The shelter is meant to be temporary for asylum-seekers with sponsors; typically they leave the shelter in less than 72 hours. There is another shelter, run by Safe Harbors, that is more long term and caters to asylum seekers who don’t have sponsors.

The Rapid Response Network also will seek options for where its shelter will go after Dec. 31.

“It’s a good day,” County Supervisor Nathan Fletcher said after the vote. “The county of San Diego is stepping up and showing leadership to not only address the asylum issue with compassion and humanity, but also to ensure public safety, public health, and that we do not compound the homeless situation.”

The shelter proposal received majority support from county supervisors after it was proposed by Supervisor Greg Cox and Fletcher and then backed by San Diego County Sheriff Bill Gore and District Attorney Summer Stephan.

Supervisor Jim Desmond, who voted against the motion, said his issue was not with the shelter but with a lack of commitment by the state to address the migrant issue and help bear the cost of providing medical personnel and health screenings to migrants.

“What I am not okay with is today’s action leaves that entire burden still on San Diego County taxpayers,” Desmond said. “I understand there are things in the works… and there are assurances from the state, but I do not have that in front of me today.”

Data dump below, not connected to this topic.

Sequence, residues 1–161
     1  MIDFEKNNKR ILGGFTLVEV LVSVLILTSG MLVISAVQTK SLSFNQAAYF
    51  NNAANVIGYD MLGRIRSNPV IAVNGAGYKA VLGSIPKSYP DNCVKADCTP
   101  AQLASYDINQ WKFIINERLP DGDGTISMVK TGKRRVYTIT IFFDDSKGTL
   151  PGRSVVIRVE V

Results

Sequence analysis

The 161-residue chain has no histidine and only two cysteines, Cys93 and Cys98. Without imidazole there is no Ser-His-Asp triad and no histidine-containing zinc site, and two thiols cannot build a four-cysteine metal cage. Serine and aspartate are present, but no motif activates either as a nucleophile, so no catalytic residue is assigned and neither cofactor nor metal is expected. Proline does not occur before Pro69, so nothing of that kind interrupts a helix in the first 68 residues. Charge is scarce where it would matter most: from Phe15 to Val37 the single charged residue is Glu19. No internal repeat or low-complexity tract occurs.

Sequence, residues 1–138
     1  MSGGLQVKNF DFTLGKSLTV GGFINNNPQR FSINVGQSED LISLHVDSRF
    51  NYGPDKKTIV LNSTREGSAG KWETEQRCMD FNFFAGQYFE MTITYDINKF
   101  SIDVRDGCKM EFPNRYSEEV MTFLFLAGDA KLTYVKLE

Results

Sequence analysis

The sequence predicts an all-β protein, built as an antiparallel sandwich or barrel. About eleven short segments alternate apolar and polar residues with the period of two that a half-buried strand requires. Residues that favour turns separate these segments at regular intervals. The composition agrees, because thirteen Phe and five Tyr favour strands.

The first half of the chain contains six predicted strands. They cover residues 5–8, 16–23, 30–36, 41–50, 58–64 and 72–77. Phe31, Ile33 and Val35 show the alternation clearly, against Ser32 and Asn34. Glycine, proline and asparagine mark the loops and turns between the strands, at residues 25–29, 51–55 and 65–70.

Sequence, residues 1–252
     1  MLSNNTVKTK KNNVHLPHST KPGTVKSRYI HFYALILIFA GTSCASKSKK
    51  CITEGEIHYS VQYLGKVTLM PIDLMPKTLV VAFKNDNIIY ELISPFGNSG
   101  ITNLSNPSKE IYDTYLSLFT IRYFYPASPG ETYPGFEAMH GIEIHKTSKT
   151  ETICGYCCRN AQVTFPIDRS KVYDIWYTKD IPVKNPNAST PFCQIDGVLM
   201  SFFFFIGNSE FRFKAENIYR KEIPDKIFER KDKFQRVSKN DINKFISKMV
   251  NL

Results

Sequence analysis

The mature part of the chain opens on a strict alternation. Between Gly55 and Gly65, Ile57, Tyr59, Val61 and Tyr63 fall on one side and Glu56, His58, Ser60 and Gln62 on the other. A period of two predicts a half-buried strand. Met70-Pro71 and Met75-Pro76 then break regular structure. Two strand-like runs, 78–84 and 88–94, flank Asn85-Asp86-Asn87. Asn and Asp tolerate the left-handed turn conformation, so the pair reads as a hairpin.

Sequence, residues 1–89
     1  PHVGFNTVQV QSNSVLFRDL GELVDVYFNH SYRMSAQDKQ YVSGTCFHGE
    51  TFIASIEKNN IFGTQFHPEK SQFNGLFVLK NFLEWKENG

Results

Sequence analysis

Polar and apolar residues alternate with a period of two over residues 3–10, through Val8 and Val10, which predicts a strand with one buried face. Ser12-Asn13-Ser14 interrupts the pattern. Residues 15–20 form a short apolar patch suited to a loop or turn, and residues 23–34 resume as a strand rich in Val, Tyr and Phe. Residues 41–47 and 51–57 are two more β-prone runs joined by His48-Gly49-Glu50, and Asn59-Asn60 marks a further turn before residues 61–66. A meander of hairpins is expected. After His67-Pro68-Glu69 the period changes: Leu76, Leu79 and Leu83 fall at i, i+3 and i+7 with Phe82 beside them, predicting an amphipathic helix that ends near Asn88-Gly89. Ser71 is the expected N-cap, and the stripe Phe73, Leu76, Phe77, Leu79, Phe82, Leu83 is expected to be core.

Gov. Gavin Newsom’s recently proposed budget would allocate $20 million over three years to fund a “rapid response network” to provide services during immigration or human trafficking emergency situations. Newsom also has asked the legislature to approve spending $5 million on the issue by the end of the fiscal year, in June.

Simultaneous to the county supervisors’ meeting, the Assembly Budget Committee met Tuesday and recommended an immediate allocation from state funding be made toward a migrant shelter.

County Supervisors Kristin Gaspar and Dianne Jacob, who both opposed seeking out county properties as potential shelter locations during a vote earlier this month,voted in favor of approving the shelter Tuesday.

Gaspar said that she had been concerned about the county having to fill a role that should be done by the state and federal government. She added that she would not support a similar action again, come Dec. 31.

Meanwhile Jacob, chair of the board, emphasized that asylum seekers are here legally and it is important for public health and safety to support the shelter.

She also said that it is the right thing to do, and announced that she will be putting an item on the board’s next closed session agenda to explore possible litigation against the federal government related to the issue.

The intent of the litigation, she said, would be “to get the federal government to do its job in this area and to reimburse the county and all of the other entities that have put money out on an issue that is a federal responsibility.”